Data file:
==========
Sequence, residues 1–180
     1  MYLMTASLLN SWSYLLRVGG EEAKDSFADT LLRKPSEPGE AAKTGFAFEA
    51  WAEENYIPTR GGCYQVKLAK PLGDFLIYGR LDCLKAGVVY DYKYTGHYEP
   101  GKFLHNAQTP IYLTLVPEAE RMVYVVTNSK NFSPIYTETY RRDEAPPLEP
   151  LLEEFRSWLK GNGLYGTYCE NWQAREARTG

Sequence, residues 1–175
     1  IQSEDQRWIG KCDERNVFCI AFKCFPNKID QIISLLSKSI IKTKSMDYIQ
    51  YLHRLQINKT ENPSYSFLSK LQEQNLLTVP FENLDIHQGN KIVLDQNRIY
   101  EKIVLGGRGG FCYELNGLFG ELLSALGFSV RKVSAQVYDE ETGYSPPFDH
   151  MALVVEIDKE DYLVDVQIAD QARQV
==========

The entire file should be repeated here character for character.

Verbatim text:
Sequence, residues 1–180
     1  MYLMTASLLN SWSYLLRVGG EEAKDSFADT LLRKPSEPGE AAKTGFAFEA
    51  WAEENYIPTR GGCYQVKLAK PLGDFLIYGR LDCLKAGVVY DYKYTGHYEP
   101  GKFLHNAQTP IYLTLVPEAE RMVYVVTNSK NFSPIYTETY RRDEAPPLEP
   151  LLEEFRSWLK GNGLYGTYCE NWQAREARTG

Sequence, residues 1–175
     1  IQSEDQRWIG KCDERNVFCI AFKCFPNKID QIISLLSKSI IKTKSMDYIQ
    51  YLHRLQINKT ENPSYSFLSK LQEQNLLTVP FENLDIHQGN KIVLDQNRIY
   101  EKIVLGGRGG FCYELNGLFG ELLSALGFSV RKVSAQVYDE ETGYSPPFDH
   151  MALVVEIDKE DYLVDVQIAD QARQV